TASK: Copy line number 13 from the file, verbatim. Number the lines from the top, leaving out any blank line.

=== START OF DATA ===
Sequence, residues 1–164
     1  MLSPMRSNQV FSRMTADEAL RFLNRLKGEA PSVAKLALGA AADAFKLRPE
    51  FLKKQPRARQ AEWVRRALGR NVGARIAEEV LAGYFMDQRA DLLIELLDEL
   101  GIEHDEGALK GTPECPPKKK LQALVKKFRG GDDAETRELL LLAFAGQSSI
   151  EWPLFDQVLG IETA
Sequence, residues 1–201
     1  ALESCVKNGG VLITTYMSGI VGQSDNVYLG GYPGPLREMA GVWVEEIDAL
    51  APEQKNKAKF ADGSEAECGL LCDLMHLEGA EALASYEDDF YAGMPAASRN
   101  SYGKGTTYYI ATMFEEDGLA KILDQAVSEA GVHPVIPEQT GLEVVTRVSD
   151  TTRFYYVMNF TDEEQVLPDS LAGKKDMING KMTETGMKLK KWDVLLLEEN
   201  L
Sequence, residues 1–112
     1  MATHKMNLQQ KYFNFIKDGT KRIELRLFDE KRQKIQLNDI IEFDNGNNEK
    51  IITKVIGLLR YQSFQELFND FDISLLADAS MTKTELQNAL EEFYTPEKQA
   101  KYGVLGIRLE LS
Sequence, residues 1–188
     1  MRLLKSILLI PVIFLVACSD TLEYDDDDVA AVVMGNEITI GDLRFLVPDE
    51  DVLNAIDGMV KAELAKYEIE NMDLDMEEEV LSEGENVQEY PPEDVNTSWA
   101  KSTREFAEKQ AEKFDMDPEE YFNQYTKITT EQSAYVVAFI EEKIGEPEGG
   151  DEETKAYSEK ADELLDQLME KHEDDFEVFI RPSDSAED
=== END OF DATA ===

     1  MATHKMNLQQ KYFNFIKDGT KRIELRLFDE KRQKIQLNDI IEFDNGNNEK